New Photochromic Glass Becoming a Solar Cell after Being Exposed to Sunlight

New Photochromic Glass Becoming a Solar Cell after Being Exposed to Sunlight

A new type of solar panel
According to foreign media New Atlas, windows are a good daylighting tool. However, they also bring unnecessary heat in summer, making many people turn on the air conditioners. Now, researchers have developed windows that can automatically change colors when the sun shines up to keep buildings cool. Most importantly, they are also solar panels.
Photochromic glass has been existing for a long time, and the most common one is as a transition lens for glasses, which automatically adjusts colors under strong light. Recent developments have made it electronic, which can be switched based on demand and enlarged to the size of a window. At the same time, the efficiency of transparent or translucent solar cells is getting higher and higher, and they can even be installed on windows.
In this new study, researchers of the National Renewable Energy Laboratory (NREL) in the U.S. Department of Energy apply these two technologies to a window. What they call "thermochromic photovoltaic" technology can change colors when exposed to sunlight to block glare and reduce the need for cooling. When it does so, it also starts to collect energy from light.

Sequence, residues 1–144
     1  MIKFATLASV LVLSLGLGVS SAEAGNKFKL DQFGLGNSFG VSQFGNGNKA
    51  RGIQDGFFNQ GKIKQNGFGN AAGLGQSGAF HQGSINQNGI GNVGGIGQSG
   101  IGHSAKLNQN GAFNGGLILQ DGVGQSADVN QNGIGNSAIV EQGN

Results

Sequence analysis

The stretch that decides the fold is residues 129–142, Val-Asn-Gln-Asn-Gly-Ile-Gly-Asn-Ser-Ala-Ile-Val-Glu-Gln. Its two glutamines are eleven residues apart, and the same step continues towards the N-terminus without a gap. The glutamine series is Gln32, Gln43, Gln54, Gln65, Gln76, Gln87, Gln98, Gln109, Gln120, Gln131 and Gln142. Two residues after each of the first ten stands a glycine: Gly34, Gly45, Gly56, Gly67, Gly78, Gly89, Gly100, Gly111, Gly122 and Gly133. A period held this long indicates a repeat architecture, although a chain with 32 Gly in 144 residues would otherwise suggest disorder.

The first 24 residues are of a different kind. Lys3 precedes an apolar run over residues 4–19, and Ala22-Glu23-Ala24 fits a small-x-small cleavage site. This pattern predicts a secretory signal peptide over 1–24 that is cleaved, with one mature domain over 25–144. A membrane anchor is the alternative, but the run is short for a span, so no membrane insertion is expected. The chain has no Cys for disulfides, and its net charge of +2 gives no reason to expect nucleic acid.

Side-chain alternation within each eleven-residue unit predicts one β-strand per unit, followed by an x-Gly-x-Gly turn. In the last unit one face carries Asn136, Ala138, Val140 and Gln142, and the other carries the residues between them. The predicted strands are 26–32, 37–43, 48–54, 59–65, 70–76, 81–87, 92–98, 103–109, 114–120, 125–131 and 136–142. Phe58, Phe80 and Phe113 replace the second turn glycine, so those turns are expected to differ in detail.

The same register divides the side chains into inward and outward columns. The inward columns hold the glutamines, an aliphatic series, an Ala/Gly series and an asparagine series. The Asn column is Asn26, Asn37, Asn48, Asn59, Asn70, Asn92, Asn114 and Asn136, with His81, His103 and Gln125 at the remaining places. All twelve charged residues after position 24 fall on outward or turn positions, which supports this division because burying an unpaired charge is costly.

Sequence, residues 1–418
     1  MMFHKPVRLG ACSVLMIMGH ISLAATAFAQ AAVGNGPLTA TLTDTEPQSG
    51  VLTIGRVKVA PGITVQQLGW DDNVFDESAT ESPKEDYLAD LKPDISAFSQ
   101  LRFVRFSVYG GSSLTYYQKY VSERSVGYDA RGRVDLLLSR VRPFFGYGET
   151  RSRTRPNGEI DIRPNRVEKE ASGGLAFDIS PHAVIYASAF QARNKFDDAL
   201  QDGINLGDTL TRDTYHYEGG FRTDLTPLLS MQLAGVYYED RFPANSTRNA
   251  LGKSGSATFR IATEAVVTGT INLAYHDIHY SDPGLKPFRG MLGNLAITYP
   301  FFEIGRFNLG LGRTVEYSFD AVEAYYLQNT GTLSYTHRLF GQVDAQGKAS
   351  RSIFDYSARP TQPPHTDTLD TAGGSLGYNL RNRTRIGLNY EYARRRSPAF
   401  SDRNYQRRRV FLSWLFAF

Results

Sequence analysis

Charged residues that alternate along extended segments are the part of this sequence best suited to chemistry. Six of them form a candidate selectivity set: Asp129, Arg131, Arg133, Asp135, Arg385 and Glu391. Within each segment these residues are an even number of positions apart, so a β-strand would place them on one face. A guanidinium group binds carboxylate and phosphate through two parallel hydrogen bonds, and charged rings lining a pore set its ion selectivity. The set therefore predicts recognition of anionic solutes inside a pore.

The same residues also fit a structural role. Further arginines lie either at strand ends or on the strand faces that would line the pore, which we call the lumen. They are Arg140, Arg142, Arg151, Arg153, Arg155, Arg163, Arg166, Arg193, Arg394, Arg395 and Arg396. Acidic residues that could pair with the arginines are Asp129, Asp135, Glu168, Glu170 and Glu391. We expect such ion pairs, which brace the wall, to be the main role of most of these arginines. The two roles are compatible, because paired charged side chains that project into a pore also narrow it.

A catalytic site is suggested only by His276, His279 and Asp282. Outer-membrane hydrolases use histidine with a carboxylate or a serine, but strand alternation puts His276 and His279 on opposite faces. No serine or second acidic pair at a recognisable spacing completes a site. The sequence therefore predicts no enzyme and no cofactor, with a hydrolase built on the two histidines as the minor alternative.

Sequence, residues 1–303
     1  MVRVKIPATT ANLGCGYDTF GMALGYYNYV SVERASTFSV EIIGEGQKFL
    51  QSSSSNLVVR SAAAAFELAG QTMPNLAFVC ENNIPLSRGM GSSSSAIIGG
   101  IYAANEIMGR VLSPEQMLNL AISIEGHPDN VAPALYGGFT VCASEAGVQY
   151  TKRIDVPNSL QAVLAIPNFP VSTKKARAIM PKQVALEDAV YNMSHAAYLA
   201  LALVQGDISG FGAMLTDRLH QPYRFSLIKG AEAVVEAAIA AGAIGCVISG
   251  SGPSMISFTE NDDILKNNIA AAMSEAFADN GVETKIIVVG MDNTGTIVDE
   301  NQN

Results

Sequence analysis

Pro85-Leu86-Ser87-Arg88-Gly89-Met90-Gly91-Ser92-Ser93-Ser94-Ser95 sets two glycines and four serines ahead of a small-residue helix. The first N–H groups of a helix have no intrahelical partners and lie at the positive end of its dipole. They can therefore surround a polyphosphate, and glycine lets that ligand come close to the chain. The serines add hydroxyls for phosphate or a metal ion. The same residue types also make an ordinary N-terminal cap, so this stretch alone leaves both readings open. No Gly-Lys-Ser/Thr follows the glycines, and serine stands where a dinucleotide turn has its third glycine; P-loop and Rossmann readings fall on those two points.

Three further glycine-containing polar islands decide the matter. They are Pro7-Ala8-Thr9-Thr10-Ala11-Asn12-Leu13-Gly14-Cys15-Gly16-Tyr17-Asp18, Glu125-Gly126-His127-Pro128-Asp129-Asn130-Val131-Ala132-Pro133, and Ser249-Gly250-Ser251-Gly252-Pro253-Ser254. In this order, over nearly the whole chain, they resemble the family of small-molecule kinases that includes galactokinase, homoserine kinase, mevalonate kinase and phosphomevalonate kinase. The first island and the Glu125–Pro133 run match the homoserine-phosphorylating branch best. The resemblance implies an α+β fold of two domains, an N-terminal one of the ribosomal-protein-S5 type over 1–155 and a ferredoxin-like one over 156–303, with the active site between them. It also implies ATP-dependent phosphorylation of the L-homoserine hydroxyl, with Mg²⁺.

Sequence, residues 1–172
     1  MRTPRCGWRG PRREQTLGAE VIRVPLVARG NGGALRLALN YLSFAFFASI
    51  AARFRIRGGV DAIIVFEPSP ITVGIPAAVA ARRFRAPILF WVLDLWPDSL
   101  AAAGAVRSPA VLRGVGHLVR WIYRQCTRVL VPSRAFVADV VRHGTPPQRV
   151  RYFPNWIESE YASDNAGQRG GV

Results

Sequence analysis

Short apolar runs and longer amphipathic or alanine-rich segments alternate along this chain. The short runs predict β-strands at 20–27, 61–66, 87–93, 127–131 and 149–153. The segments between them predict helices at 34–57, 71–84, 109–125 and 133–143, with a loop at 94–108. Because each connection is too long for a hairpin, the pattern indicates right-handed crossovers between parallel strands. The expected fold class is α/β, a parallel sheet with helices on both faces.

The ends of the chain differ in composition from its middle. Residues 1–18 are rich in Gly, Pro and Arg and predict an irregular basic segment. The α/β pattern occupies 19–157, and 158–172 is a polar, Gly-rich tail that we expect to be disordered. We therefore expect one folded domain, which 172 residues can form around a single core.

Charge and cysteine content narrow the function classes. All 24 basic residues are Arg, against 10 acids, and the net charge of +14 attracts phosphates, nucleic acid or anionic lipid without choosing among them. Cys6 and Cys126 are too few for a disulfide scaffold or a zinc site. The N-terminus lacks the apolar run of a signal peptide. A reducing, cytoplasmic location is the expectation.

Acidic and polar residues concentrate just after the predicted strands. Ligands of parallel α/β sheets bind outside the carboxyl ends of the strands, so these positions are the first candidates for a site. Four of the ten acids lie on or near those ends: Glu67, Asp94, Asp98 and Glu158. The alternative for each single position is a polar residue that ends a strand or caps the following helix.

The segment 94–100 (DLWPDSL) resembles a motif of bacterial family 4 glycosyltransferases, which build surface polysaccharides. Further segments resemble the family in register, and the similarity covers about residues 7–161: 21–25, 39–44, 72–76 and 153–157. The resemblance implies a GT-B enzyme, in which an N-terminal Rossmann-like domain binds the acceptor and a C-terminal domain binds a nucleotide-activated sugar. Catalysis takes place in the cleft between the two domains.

This kind of window is made from a thin film of perovskite, which is a new material for solar cells. The solvent vapor is injected into the gap. When the humidity is low, the perovskite film remains transparent, allowing the windows to transmit light normally. However, steam will rearrange the perovskite crystals, first appearing in the shape of chains, then flakes and then cubes. Each new shape will change colors to block the light to varying degrees. It is hoped that the room will be cooled by a few degrees in the process.
When the temperature of the glass reaches 35°C to 46°C, the window can switch between several different colors, from transparent to yellow, orange, red and brown, which takes about 7 seconds. This is a considerable improvement over the early prototype developed by the NREL team. When the temperature reaches between 65.5°C and 79.4°C, the window can only switch between transparency and reddish-brown, which needs 3 minutes to complete.
Ideally, "thermochromic photovoltaic" windows can help reduce the need for air conditioners because air-conditioning is a great energy consumer in hot weather and climate. The team stated that a prototype window made by the new technology could be developed within a year. The research was published in Nature Communications.